ISLAMABAD, Oct 14 (APP): Special Assistant to the Prime Minister on Social Protection and Poverty Alleviation Dr. Sania Nishtar Wednesday said Pakistan’s government took timely and courageous decision of providing social protection to nearly half of its population through disbursing direly needed cash assistance during the COVID-19 pandemic that resulted in massive loss of livelihoods.
She was addressing a webinar, “How can we reduce inequalities in later life as societies aged?”co-organized by Asian Development Bank, HelpAge International and ESCAP.
Speaking on the occasion, Dr. Nishtar said the pandemic negatively impacted 160 million families in response to which Ehsaas Emergency Cash Program has disbursed cash assistance to around 15 million distressed families.
Dr. Nishtar recommended that the sustainability of any social protection program depends on poverty surveys, catastrophic expenditure estimates, and livelihoods loss data on which we started working even before the pandemic.
“We have accelerated the work on National Socio-Economic Registry (NSER) survey keeping in view the pandemic outcomes as well as decided to expand the scope of emergency cash assistance and increase the number of shelters”, she said.
Dr. Nishtar conveyed how the health and nutrition cash transfer centers under Nashaunuma initiative were launched for mother and children facing stunted growth issue, in the middle of pandemic.
While the Ehsaas program also continued to benefit the students belonging to the marginalized sections of society.
Dr. Nishtar said social protection programs for the vulnerable sections of society and critical investments in digital infrastructure were indispensable for all the countries during the pandemic losses.
About the COVID impact in Pakistan, Dr. Nishtar was of the view that the social structure, cultural values and a strong family system in Pakistan has also contributed towards mitigating the effects of COVID-19 resulting in reduced number of cases.
She said majority of the families in our country have a single bread earner who used to go outside for earning money to feed own family as well as his parents which limit the social interaction.
About the reason for less ratio of affected elderly persons due to COVID in Pakistan, Dr. Nishtar said the elderly people mostly lived with their children in Pakistan who take care of them.
While in the western world, the elderly people stay at old home which increases the risk of catching the virus.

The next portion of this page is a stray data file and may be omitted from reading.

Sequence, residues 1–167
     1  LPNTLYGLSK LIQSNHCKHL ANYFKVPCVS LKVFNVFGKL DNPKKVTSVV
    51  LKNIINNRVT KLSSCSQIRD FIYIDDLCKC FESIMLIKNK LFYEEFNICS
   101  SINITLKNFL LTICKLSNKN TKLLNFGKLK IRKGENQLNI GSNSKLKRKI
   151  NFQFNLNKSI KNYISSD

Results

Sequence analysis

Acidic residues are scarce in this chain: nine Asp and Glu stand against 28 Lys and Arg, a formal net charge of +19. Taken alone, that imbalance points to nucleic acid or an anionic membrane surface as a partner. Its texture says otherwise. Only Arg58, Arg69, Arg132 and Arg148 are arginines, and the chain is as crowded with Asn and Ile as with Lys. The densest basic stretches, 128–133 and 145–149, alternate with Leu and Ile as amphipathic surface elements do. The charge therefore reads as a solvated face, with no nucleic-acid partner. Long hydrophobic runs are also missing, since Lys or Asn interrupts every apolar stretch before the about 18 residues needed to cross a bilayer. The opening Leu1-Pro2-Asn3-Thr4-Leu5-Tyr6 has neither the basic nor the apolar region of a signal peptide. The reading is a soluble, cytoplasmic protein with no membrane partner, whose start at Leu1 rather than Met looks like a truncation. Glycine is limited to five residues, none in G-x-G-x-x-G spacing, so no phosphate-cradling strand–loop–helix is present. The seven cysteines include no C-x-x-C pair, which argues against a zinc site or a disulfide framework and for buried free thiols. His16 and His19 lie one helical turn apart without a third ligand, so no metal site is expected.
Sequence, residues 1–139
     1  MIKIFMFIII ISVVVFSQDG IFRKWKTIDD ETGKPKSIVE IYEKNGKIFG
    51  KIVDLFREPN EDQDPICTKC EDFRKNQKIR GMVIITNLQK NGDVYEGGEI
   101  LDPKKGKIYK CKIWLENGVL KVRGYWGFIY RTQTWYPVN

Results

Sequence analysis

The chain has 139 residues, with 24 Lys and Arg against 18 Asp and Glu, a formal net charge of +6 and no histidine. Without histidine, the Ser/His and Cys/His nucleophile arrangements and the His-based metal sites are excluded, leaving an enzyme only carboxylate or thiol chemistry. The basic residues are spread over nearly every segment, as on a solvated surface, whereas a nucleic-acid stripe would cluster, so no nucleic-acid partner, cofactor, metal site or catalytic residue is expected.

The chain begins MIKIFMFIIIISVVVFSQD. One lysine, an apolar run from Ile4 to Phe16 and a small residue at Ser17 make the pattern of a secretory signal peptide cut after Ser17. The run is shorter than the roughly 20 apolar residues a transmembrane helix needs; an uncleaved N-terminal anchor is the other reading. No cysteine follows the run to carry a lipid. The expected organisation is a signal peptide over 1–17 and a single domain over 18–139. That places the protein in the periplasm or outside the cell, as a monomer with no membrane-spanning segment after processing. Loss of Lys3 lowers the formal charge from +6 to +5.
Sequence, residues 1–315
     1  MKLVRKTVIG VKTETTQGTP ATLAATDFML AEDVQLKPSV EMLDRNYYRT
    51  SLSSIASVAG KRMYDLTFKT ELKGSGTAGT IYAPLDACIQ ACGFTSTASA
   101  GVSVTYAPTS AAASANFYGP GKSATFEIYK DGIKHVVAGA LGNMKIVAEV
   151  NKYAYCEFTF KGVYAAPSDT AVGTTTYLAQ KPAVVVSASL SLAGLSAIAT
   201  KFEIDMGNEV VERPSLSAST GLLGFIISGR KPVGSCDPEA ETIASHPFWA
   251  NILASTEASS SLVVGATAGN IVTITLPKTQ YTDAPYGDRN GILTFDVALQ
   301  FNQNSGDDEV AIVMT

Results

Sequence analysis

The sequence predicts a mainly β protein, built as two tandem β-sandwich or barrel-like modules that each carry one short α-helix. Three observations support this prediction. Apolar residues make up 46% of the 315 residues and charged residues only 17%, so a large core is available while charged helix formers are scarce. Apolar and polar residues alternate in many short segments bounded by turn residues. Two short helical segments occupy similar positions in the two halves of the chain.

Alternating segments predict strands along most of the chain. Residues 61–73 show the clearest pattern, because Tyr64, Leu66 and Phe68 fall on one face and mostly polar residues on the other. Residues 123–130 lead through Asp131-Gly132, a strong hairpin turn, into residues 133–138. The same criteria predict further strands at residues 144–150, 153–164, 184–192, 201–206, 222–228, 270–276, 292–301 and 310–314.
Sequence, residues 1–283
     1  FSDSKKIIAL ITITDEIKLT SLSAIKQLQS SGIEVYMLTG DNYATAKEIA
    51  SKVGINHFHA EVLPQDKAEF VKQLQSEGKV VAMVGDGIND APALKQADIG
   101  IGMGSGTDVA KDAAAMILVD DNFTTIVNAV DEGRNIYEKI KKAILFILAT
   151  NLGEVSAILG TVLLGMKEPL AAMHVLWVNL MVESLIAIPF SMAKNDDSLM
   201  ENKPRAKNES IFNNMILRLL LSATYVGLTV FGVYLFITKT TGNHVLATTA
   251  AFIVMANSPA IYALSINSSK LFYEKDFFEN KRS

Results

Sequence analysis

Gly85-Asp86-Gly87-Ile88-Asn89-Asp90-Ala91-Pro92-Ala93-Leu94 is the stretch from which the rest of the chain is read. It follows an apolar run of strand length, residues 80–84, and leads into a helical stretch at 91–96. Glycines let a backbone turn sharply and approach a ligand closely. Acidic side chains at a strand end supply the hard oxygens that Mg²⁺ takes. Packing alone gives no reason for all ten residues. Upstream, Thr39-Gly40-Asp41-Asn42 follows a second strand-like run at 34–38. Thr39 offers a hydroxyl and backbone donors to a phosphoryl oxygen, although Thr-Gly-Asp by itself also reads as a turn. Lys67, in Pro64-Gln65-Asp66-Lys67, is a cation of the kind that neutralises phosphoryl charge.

She said the demographic factor and the cultural shield protected the country throughout the pandemic.
She said there was no standard policy prescription for the elderly people across the world, “Different policies are workable in different environments and contexts”, she said.
She said health systems in the countries are the main building blocks on which the Universal Health Coverage depends and this varies from country to country.
While the other factors like fiscal space and population size etc also contribute to the improvement of health system, she said.
The solutions to improve the health systems across the world should be locally tailored according to the needs of different cultures and societies, she added.
The objective of the webinar, taking Asia’s population ageing into consideration, is to strengthen clarity and consensus about the priority steps governments can take to reduce inequality among older people in two dimensions: healthy longevity and income security.
Alongside the presentation by the Professor of Economics and Demography from Harvard University Dr. David E. Bloom, , SAPM Dr. Sania Nishtar was joined by Senior Advisor at the Khazanah Research Institute Malaysia Dr. Jomo Kwame Sundaram.
The panel discussion was a true highlight of the webinar with practical national and sub-national level experience and global perspectives.
The webinar was attended by the national governments in Asia, including representatives from ministries responsible for social affairs and welfare, health, education, labour and human resources development, local governments, home affairs, as well as other concerned ministries; other civil society organizations, as well as private sector entities with experience in working with older persons, and academics and research institutions engaged in generating data and research on the situation of older people and in influencing policy makers.
The focus of the discussion was on public policies and systems – that is, the role of governments.
The post-pandemic period presents an opportunity to conceptualize how “building back better” focusing on middle-income countries in Asia, though as appropriate drawing on lessons from high-income countries and suggesting future directions for low-income countries.
The largest regional intergovernmental platform with 53 Member States and 9 associate members, ESCAP has emerged as strong regional think-tank offering countries sound analytical products that shed insight into the evolving economic, social and environmental dynamics of the region.